Now, unpaid interns who face obstacles at work will have additional protections when it comes to labor laws.
A bill protecting unpaid interns from sexual harassment was signed into law this month, expanding on Title VII protections from the 1964 Civil Rights Act.
According to KTVU-TV, Governor Jerry Brown signed the bill into law. It will include people in the workplace who are not paid in sexual harassment protection claims such as interns and volunteers.
“Interns and volunteers deserve a safe, fair workplace and the same legal protections against discrimination and harassment as everyone else,” said Berkeley Assembly member Nancy Skinner following the bill’s approval, according to KTVU.
The bill was introduced after a New York harassment case made national headlines involving an unpaid intern. In that case, a Syracuse University student alleged that she was harassed, kissed and groped by a supervisor at her company who retaliated when she did not return the advances.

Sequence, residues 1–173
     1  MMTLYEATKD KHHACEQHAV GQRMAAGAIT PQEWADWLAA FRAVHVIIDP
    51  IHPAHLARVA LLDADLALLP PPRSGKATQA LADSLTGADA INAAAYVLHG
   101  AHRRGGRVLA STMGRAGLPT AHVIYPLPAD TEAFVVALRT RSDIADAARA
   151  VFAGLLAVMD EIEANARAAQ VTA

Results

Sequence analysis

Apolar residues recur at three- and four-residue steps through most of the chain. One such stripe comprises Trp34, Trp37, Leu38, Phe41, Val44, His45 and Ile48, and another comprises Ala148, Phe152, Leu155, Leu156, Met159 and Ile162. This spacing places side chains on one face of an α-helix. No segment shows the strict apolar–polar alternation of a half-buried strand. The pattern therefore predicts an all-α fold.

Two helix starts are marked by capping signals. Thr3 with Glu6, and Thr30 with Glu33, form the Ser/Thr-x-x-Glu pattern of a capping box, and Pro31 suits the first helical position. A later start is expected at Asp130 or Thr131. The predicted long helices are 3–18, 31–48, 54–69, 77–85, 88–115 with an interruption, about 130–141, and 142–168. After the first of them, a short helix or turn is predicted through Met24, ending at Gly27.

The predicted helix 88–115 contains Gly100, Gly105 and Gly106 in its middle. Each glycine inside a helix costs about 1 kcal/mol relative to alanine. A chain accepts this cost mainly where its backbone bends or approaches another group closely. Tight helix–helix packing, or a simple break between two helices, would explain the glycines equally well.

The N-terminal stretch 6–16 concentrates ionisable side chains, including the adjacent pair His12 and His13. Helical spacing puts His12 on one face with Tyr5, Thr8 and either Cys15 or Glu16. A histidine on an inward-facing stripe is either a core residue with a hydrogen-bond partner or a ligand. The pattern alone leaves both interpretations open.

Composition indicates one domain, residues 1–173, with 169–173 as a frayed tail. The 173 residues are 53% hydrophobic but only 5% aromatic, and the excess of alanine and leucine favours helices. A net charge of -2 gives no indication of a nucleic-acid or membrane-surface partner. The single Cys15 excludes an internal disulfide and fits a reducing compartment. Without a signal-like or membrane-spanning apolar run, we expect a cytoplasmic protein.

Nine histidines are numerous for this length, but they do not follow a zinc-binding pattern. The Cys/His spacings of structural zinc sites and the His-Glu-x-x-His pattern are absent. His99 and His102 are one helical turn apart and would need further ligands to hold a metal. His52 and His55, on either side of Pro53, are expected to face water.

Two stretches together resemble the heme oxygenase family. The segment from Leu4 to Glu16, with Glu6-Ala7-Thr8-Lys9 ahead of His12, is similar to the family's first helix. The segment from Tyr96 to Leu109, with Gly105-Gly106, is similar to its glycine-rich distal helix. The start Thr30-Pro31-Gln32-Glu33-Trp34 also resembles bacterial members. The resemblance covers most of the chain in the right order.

California is now the third state banning sexual harassment and discrimination in the workplace towards unpaid interns. New York, Oregon and the District of Columbia also have laws. The law also protects against gender discrimination.
This advancement is important, because a survey done by the National Association of Colleges and Employees in 2008 showed that most students occupying unpaid internships are female and they may be more at risk for harassment, according to KTVU.
Can I File a Sexual Harassment Lawsuit If I Am an Intern?
If you are an intern experiencing these issues, you should contact the Equal Employment Opportunity Commission and our attorneys. We can investigate your case to see if you have a viable claim and hold the company responsible if you have been on the receiving end of harassment.
Kesluk, Silverstein & Jacob– Los Angeles employment attorneys
Did You Know? It is estimated that half of graduating students who attend college have engaged in an internship.